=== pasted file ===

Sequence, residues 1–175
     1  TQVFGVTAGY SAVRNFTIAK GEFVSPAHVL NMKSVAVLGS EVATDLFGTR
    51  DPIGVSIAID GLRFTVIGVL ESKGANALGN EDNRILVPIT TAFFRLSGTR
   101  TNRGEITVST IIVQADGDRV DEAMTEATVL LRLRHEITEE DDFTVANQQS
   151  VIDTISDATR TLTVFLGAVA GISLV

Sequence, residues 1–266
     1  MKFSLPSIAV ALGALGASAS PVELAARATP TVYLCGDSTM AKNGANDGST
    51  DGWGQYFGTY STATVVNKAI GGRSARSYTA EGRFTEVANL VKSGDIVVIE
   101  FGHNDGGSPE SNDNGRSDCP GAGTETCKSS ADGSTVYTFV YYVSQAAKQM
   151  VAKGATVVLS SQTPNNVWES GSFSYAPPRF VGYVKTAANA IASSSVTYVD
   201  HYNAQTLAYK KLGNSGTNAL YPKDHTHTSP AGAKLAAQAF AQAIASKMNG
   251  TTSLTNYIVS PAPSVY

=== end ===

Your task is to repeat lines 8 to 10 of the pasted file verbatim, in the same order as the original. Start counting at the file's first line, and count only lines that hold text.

    51  DGWGQYFGTY STATVVNKAI GGRSARSYTA EGRFTEVANL VKSGDIVVIE
   101  FGHNDGGSPE SNDNGRSDCP GAGTETCKSS ADGSTVYTFV YYVSQAAKQM
   151  VAKGATVVLS SQTPNNVWES GSFSYAPPRF VGYVKTAANA IASSSVTYVD